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Japan to ease N Korea sanctions after abductions probe starts

Japan said Thursday it would ease sanctions against North Korea after the secretive state agreed to reinvestigate the kidnapping of Japanese nationals to train spies, in a significant breakthrough for testy relations.

TOKYO: Japan said Thursday it would ease sanctions against North Korea after the secretive state agreed to reinvestigate the kidnapping of Japanese nationals to train spies, in a significant breakthrough for testy relations.

The announcement comes after three days of talks between the two sides in Sweden, and marks the most positive engagement between Pyongyang and the outside world in many months.

"As a result of the Japan-North Korea talks, the North Korean side promised to the Japanese side that it will make a comprehensive and thorough investigation" into confirmed and suspected abductions, Prime Minister Shinzo Abe told reporters.

"In keeping with the promise, it will set up a special commission for the investigation."

In return, Tokyo has agreed to ease some of the stinging sanctions it has levelled at the unpredictable regime, over years of mistrust.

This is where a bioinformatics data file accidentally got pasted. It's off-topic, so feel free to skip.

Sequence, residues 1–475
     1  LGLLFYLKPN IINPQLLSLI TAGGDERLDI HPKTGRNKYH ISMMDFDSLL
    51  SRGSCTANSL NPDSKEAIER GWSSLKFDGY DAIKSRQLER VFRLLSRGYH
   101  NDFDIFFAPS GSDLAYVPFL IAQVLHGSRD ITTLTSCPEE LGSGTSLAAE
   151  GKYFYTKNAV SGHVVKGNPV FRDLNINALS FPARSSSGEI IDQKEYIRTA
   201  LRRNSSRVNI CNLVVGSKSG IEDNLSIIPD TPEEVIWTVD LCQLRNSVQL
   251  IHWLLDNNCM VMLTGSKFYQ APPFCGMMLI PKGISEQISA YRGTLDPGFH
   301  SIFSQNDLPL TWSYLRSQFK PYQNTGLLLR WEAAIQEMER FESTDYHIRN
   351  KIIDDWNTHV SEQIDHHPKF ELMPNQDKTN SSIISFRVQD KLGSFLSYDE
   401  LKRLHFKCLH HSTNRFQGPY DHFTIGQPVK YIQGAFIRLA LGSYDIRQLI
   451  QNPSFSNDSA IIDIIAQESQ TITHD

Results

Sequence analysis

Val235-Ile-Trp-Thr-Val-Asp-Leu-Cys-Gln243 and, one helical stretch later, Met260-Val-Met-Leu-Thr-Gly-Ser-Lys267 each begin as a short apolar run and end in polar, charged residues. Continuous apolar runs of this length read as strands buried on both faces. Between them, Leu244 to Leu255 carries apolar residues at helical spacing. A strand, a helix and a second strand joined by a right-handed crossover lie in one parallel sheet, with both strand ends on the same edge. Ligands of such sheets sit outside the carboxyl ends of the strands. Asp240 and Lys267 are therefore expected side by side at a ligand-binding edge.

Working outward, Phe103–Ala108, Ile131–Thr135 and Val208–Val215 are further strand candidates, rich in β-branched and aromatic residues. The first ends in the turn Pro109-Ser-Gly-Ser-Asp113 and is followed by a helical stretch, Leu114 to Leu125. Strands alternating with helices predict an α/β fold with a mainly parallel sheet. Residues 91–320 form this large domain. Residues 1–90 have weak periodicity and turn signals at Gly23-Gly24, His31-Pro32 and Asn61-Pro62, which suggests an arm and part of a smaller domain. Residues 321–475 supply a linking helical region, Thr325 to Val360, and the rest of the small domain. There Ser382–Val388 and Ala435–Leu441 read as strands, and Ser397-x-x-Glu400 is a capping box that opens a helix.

"Japan has decided to lift special restrictions on travel by people, reporting requirements on remittances... as well as the ban on North Korea-registered vessels entering Japanese ports for humanitarian purposes," said Chief Cabinet Secretary Yoshihide Suga.

North Korea outraged Japan when it admitted more than a decade ago that it had kidnapped 13 Japanese in the 1970s and 1980s to train its spies in Japanese language and customs.

Five of the abductees were allowed to return to Japan but Pyongyang has insisted, without producing solid evidence, that the eight others are dead.

The issue is a highly-charged one in Japan, where there are suspicions that perhaps dozens of other people were taken.

"Our mission will never end until the day comes when families of all abduction victims are able to embrace their children with their own arms," Abe said.

"We have tackled the problem with this determination and we hope that this will be the first step toward an overall solution."

While relations with South Korea remain testy, Pyongyang's approach to its dealings with Japan appears to have softened in recent months, especially on the emotive issue of the abductions.

In March, North Korea allowed the daughter of a Japanese woman who was kidnapped in the 1970s and later died to travel to Mongolia to meet her grandparents, who had flown in from Japan.

The two sides held a three-day meeting in Stockholm this week, building on official talks in China in March.

Suga said North Korea promised that the probe will cover all kidnap victims -- those who are suspected of being abducted by North Korea, as well as the whereabouts of Japanese nationals who died in the region around 1945, when World War II ended.

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